Successful financial advisors already have developed communication styles that work effectively with clients. With training, such skills are transferable to video presentations. As Internet bandwidth has fallen in cost, Savant equipped several offices recently with high-quality video equipment for teleconferencing.

Every year, our firm conducts a number of client lunch and dinner events. They are time-consuming and expensive to produce, but they result in increased connections with those who attend — typically, about 15% of all our clients. Yet what can we do to connect with the other 85%? By now, you might have guessed my answer: high-quality video conferences, using interactive technology.


In an attention experiment a few years ago, people watching a video were instructed to count the number of times a basketball is passed around. More than half of the first-time test-takers failed to notice a person in a gorilla suit walking among the people passing the ball.

I use the phrase “gorilla scanning” to mean being sensitive to seemingly unrelated events, trends or issues — the unexpected gorillas, so to speak — that could affect your business. Employees at Savant look for trends in their particular areas of expertise and, if appropriate, pass them along to senior management.

One piece of information that bubbled up was the annual Society for Information Management 2013 IT Trends Study, based on responses from 484 U.S.-based organizations, which reported on top IT management issues and concerns.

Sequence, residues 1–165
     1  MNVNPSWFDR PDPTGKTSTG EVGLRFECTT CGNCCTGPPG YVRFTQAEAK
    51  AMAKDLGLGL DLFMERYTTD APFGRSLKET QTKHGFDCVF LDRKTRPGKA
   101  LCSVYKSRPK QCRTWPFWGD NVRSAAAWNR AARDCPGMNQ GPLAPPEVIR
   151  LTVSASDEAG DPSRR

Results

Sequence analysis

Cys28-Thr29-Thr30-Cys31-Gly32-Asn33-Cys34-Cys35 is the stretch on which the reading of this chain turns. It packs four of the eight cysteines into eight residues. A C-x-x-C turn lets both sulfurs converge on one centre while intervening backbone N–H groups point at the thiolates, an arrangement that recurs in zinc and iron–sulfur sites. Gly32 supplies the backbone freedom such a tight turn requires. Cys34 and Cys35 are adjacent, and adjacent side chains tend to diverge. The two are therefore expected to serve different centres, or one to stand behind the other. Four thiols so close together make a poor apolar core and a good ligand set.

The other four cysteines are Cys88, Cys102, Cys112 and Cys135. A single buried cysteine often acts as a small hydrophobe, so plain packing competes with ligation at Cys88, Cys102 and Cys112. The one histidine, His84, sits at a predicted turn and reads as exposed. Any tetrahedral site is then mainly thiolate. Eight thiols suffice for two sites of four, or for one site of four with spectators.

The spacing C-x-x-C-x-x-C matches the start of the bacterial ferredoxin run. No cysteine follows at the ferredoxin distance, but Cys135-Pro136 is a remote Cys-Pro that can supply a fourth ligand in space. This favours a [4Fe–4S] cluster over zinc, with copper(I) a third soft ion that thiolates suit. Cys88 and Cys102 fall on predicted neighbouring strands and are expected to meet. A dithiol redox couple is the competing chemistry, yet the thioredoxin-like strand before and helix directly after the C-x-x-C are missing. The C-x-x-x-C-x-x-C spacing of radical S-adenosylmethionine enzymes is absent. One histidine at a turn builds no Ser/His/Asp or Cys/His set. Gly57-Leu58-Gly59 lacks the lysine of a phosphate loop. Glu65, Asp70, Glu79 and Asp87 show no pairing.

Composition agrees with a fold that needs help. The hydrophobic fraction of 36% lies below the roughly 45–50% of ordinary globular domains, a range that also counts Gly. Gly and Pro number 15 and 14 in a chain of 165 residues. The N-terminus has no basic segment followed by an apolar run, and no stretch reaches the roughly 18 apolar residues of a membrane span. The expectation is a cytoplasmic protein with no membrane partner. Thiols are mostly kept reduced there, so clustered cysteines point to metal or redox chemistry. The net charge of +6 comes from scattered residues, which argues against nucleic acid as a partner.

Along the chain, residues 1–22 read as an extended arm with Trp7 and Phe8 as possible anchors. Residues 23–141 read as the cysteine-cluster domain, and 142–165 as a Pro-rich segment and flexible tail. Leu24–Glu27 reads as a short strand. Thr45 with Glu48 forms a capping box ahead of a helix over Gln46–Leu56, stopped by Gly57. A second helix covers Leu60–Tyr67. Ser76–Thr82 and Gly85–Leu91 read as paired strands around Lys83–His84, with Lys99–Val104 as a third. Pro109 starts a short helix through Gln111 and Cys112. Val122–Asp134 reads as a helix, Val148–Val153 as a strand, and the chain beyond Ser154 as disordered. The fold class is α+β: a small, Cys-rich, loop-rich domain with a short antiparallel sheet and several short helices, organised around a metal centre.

Interestingly, many concerns of IT managers did not line up with the concerns of senior management. For example, IT managers’ second and third most pressing concerns were data security and disaster recovery; these matters were ranked 14th and 11th, respectively, by senior management.

Could this mean many publicly traded firms we invest in are ill-prepared for a natural disaster? And while we’re on the matter: How is your own disaster recovery plan? I’m not thinking just of data recovery. Could you recover from a disaster that wipes out your entire office building?

Another interesting technology trend is the apparent takeover of mobile communication by companies like Facebook, which recently paid $19 billion for WhatsApp, with hundreds of millions of text message subscribers. A federal court recently threw out the FCC’s proposed Internet neutrality rules, which would have guaranteed equal access to telecom companies (a majority of advisors use traditional telecommunications to call clients) and technology companies such as Skype and text message providers (which are rapidly taking over nontraditional communications). 

Imagine that the monthly costs for the fancy new telephone system you just installed suddenly triple — or drop by two-thirds. Would that affect the way you connect with clients?

Be aggressive in looking for ways to make incremental efficiency improvements that require nothing more than using more features in the programs and equipment you already have. Professionals at Savant can push a few buttons on their office phones to get email notification of a voicemail and listen to a voicemail from their computer. My office phone is on my laptop, so I can talk with a client who calls my office even if I’m traveling thousands of miles away.

And think every day how your systems can reach out and touch your clients more efficiently and effectively — because your competitors certainly are doing so already.

Glenn G. Kautt, CFP, EA, AIFA, is a Financial Planning columnist and vice chairman of Savant Capital Management, based in Rockford, Ill.